In an embodiment of the invention a plurality of said arrays are stacked in a direction perpendicular to the direction of said array to form a three dimensional array of said elongate scintillator segments.

In a embodiment of the invention the plurality of segmented detectors comprise a plurality of segments formed of a series of light reflecting low atomic weight partitions placed in a vessel filled with liquid scintillator material, such that the partitions form the individual elongate segments.

Optionally, the detector includes:

a controller that receives the electrical signals and generates a timestamp reflecting the time that the light arrives at the photo-detector.

Optionally, the sum of the signals relating to an incident particle is proportional to the total energy deposited in the detector by the incident particle.

Optionally the light sensors are photomultiplier tubes (PMTs).

Optionally, the controller corrects the timestamps for systematic variations of PMT light channel delays.

Optionally, the controller corrects the signals for loci dependent light collection efficiency systematic variations.

Optionally, the thickness of the stacks is deep enough to allow full energy deposition in the detector for more than 60% of 2.6 MeV gamma particles incident at the center of the front face.

Optionally the detector is utilized in a screening portal having a lane, wherein a detector is placed at one side of the lane, or on each side of the lane.

Optionally, a plurality of detectors are spaced to form a plurality of vehicle lanes and where a single detector is utilized to detect radiation from adjoining lanes.

Optionally the detector is utilized in a screening portal having a lane wherein the at least one detector surrounds at least 50% of the lane.

Optionally the detector is utilized in a screening portal having a lane wherein the at least one detector surrounds at least 75% of the portal opening or completely surrounds the portal opening.

Optionally, the detector is mounted in a vehicle to provide a portable nuclear threat screening device.

Optionally the detector includes a controller that identifies a plurality of scintillations as emanating from a single incident particle based on a time window within which they fall and their spatial proximity within the detector.

Optionally, the detector function is disguised or hidden so that it detects threats in a covert manner.

Optionally, the detector includes:

a source of activating radiation that stimulates emission of radiation from SNM and radiation shielding materials, wherein the scintillator segments are positioned to receive said stimulated emission.

Optionally the detector includes:

a controller that receives the electrical signals and generates a tomographic image of sources of the radiation.

Optionally, the scintillator is a PPO based liquid scintillator.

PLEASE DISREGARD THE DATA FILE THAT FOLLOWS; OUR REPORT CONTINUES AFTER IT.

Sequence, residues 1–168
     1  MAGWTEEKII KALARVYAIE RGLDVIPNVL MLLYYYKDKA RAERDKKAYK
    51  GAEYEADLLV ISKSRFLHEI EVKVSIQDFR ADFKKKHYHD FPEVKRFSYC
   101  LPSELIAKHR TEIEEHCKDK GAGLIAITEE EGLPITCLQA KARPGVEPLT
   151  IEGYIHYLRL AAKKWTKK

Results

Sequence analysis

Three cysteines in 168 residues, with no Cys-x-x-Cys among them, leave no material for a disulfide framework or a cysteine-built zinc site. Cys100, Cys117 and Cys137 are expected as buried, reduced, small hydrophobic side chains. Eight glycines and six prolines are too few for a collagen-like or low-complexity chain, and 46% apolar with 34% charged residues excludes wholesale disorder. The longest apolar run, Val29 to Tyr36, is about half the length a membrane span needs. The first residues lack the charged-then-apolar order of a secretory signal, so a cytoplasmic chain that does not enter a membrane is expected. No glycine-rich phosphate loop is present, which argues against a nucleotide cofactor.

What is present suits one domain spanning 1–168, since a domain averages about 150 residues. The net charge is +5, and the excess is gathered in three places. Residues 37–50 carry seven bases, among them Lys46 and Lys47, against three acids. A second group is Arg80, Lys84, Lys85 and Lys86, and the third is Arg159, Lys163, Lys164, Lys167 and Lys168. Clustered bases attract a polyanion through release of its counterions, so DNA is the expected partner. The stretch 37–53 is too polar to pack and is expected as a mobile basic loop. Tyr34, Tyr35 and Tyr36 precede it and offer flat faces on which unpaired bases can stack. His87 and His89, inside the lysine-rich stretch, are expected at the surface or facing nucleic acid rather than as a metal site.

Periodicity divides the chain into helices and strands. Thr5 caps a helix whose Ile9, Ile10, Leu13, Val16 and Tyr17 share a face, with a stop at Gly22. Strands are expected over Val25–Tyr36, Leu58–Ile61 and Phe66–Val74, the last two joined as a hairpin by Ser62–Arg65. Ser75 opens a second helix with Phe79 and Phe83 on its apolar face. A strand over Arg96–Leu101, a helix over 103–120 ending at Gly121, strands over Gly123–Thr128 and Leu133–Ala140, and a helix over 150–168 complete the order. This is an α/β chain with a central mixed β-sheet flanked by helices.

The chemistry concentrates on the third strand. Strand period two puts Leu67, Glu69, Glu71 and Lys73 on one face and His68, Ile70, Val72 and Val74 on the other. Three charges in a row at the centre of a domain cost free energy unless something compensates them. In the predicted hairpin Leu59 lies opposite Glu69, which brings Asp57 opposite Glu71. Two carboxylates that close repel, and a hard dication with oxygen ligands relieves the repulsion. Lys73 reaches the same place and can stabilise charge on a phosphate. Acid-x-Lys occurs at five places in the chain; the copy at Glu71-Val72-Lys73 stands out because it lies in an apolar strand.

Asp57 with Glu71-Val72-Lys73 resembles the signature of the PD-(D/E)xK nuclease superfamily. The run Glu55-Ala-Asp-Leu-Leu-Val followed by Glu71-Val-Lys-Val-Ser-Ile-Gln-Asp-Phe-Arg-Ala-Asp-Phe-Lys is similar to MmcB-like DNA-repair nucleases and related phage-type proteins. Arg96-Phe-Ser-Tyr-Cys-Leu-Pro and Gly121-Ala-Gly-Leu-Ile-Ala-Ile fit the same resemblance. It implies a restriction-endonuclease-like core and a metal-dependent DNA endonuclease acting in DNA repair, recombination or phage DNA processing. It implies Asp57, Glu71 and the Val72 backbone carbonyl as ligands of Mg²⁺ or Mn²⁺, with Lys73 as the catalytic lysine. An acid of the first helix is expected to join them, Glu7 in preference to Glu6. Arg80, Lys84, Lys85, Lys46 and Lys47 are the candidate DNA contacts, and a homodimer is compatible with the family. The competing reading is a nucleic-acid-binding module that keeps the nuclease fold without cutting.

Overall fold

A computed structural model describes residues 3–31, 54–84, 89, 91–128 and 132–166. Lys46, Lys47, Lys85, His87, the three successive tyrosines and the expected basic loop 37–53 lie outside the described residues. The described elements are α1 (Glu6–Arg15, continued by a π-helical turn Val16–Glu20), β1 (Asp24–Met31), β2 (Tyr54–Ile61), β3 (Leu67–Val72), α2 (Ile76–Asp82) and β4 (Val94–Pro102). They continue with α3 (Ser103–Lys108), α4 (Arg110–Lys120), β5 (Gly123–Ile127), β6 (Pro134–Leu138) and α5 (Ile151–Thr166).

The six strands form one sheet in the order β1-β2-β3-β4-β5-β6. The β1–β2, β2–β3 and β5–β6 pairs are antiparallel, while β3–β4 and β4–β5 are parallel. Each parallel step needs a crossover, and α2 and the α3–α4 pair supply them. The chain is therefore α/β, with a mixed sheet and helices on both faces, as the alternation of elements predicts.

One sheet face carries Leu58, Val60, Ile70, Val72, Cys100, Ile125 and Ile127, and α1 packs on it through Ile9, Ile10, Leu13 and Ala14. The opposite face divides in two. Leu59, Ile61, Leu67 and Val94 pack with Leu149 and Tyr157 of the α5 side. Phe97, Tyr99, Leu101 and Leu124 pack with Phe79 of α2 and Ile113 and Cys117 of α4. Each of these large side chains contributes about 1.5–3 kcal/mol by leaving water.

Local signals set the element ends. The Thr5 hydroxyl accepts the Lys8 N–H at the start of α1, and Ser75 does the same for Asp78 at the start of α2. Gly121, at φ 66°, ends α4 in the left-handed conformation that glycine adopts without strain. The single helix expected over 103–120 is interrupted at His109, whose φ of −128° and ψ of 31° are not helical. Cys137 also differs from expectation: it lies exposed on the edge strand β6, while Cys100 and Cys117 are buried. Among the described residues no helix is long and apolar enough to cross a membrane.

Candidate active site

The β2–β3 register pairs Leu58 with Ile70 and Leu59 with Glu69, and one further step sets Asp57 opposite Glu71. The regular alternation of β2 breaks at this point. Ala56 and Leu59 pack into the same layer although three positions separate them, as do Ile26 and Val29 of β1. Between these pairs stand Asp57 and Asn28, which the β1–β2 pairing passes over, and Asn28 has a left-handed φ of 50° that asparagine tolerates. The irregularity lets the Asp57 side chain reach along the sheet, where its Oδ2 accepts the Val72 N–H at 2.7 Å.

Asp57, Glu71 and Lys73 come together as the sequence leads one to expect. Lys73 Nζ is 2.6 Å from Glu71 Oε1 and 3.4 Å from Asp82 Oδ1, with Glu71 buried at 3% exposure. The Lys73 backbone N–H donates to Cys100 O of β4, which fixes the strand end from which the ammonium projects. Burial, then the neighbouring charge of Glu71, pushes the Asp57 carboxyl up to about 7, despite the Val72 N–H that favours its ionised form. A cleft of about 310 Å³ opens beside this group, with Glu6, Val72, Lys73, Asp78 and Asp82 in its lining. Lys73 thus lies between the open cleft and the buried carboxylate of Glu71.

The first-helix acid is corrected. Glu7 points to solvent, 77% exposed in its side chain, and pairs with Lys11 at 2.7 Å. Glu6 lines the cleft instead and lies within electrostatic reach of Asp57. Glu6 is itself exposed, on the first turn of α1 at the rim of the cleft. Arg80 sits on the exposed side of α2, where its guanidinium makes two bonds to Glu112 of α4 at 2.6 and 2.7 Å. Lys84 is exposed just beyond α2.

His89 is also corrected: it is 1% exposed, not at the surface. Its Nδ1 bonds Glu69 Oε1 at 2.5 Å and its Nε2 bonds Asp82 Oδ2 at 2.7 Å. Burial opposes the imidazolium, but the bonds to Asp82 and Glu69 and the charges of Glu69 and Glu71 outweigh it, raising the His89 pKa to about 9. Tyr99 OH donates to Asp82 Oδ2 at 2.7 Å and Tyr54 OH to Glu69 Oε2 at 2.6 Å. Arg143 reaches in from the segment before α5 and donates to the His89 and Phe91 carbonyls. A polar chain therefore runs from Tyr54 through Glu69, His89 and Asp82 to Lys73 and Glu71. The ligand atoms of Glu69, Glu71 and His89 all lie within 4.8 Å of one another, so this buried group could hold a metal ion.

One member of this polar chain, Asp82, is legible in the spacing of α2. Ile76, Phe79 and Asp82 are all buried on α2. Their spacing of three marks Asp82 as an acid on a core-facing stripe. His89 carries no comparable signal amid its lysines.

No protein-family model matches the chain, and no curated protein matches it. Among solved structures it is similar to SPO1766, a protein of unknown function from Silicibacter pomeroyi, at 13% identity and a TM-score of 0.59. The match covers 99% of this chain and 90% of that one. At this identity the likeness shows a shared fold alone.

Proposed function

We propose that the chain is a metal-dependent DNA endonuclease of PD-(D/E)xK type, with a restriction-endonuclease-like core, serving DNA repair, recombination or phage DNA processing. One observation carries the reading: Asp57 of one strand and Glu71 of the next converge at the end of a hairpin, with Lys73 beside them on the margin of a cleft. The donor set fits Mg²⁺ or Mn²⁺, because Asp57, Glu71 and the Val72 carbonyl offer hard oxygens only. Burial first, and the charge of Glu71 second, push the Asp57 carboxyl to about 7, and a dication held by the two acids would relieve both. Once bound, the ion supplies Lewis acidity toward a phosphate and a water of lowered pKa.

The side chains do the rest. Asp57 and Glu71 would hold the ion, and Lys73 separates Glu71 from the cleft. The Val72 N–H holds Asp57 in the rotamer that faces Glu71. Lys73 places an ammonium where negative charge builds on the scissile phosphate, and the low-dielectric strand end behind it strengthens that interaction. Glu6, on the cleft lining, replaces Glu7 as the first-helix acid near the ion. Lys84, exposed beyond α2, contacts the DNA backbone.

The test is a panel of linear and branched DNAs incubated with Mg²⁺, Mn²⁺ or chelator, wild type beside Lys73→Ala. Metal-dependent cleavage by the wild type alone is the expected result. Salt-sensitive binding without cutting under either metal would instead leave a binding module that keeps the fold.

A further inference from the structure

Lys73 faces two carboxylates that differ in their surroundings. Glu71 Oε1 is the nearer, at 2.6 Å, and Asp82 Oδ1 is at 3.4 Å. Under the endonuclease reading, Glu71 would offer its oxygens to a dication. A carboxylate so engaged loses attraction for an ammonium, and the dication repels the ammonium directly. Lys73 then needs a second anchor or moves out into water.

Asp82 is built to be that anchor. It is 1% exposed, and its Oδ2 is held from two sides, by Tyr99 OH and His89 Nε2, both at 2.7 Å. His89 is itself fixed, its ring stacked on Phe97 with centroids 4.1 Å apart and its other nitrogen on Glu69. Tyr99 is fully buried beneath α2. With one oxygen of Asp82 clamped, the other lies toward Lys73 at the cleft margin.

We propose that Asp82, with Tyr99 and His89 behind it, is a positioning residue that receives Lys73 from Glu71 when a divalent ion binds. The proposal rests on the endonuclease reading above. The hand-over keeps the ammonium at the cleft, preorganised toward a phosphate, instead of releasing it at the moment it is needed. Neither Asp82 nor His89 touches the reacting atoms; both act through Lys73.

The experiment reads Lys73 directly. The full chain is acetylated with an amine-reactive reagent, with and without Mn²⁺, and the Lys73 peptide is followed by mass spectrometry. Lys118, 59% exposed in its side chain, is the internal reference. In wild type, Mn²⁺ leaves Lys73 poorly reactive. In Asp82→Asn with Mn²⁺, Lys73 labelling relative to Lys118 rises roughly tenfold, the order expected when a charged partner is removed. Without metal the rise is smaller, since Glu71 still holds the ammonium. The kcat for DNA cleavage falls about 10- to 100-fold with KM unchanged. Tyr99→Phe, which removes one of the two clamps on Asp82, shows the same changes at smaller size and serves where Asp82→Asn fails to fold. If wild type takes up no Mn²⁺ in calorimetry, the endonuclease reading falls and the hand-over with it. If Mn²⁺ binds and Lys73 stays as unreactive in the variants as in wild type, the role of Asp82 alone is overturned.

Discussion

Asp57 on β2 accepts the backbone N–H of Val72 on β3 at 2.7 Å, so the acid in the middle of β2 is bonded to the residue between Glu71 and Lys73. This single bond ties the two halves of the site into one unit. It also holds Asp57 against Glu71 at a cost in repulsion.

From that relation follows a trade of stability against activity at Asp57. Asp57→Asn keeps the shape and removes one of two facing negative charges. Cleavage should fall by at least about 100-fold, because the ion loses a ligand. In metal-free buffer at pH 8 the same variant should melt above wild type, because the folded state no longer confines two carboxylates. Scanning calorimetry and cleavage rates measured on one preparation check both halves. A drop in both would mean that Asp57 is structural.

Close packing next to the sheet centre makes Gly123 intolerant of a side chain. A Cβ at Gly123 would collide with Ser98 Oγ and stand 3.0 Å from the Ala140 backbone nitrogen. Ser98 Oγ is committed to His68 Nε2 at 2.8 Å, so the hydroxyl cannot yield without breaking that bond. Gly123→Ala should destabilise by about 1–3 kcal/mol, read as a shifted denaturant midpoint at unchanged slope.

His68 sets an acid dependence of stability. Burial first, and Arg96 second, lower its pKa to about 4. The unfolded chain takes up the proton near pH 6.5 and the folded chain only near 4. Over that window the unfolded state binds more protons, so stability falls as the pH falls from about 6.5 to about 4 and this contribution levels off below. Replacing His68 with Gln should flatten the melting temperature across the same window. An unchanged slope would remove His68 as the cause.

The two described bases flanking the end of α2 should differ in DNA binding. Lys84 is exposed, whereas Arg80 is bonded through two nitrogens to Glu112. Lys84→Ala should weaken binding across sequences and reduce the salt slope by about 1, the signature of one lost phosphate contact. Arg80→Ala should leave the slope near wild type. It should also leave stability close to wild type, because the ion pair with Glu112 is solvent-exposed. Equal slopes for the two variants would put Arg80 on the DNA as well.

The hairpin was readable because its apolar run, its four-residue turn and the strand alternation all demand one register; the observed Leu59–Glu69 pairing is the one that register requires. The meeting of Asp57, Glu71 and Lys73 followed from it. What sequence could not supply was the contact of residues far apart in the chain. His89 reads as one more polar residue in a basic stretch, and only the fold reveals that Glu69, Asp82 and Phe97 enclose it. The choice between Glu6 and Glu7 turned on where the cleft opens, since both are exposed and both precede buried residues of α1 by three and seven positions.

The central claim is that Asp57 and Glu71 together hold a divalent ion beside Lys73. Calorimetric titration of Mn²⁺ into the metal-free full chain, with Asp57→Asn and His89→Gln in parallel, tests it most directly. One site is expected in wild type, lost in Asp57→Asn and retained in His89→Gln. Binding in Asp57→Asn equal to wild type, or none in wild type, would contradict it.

There is further provided, in accordance with an embodiment of the invention, a system for detection of radiation signatures of SNM and RDD devices and materials from a screened object, comprising:

at least one scintillator which produces scintillations when impinged by gamma and neutron radiation;

a plurality of optical sensors optically coupled to the at least one scintillator such that they receive light from scintillations produced in the scintillator and generate electrical signals responsive thereto; and

a controller that receives the signals and performs a multi-signature detection of threats including a plurality of the following threat detection inputs or characterizations:

(a) gamma spectroscopy isotope signature;

(b) gamma imaging morphologic signature;

(c) neutron counting;

(d) neutron imaging;

(e) cascaded isotopes doublets or triplets signature;

(f) SNM spontaneous fission signature;

(g) comparison with optical images of the screened object; and

(h) gross directionality of incidence of radiation as compared to the direction of the screened object.

Optionally, the at least one scintillator comprises a segmented organic scintillator comprising at least four elongate segments.

Optionally, the scintillator comprises a liquid scintillator.

Optionally, the detector comprises at least three, four, five or more of said threat detection inputs or characterizations.

There is further provided, in accordance with an embodiment of the invention, a detector for detecting incident neutrons, comprising;

at least one scintillator that produces scintillations responsive to incoming neutrons produced by WPG;

a plurality of photo-detectors that receive light of the scintillations and produces electrical signals responsive thereto; and

a controller that receives the electrical signals and generates an image of the sources of neutron radiation that cause the scintillations.

There is further provided an SNM detection system, effective to screen vehicles moving at a velocity greater than 40 MPH.

There is further provided a method of SNM detection comprising screening a suspected item by placing it before at least one detector while the item is stationary to increase the number of radiation events captured by the detector.

There is further provided, in accordance with an embodiment of the invention a detector for detecting radiation, comprising:

an organic scintillator;

a plurality of photo-detectors that receive light of scintillators in the organic scintillator and generates electrical signals responsive thereto; and

a controller that receives the light and generates an image of the sources of radiation that cause the scintillations.

There is further provided, in accordance with an embodiment of the invention a detector for detecting incident neutrons, comprising;

a scintillator that produces scintillations responsive to incoming neutrons;

a plurality of photo-detectors that receive light of the scintillations and produces electrical signals responsive thereto; and

a controller that receives the electrical signals and determines the positions of the incident neutrons on the detector.